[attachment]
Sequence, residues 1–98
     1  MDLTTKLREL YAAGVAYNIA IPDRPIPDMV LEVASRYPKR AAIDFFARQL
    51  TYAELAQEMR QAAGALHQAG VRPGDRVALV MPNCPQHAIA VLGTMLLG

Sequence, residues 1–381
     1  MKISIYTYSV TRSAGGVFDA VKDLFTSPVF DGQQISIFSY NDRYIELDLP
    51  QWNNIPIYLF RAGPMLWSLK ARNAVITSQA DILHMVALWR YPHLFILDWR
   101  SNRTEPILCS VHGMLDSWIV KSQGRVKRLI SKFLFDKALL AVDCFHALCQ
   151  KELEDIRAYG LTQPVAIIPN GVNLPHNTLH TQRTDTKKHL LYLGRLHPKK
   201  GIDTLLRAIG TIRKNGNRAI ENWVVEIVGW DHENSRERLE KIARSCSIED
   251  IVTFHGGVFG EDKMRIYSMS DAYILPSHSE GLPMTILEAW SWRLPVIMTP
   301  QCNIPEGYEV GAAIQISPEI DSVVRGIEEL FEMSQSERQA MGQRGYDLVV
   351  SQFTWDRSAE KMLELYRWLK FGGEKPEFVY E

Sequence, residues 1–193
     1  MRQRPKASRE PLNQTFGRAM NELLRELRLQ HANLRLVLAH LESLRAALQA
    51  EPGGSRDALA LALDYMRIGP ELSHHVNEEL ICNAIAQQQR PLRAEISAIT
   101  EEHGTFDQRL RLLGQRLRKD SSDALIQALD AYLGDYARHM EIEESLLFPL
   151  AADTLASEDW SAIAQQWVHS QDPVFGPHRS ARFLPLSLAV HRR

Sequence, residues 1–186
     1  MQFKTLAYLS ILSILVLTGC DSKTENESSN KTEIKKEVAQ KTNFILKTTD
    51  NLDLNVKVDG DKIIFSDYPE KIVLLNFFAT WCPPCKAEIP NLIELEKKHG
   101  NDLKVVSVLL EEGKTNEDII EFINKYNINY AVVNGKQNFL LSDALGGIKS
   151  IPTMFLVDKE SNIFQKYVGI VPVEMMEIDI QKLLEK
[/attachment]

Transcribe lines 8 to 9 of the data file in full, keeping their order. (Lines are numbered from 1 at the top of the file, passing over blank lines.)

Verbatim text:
   151  KELEDIRAYG LTQPVAIIPN GVNLPHNTLH TQRTDTKKHL LYLGRLHPKK
   201  GIDTLLRAIG TIRKNGNRAI ENWVVEIVGW DHENSRERLE KIARSCSIED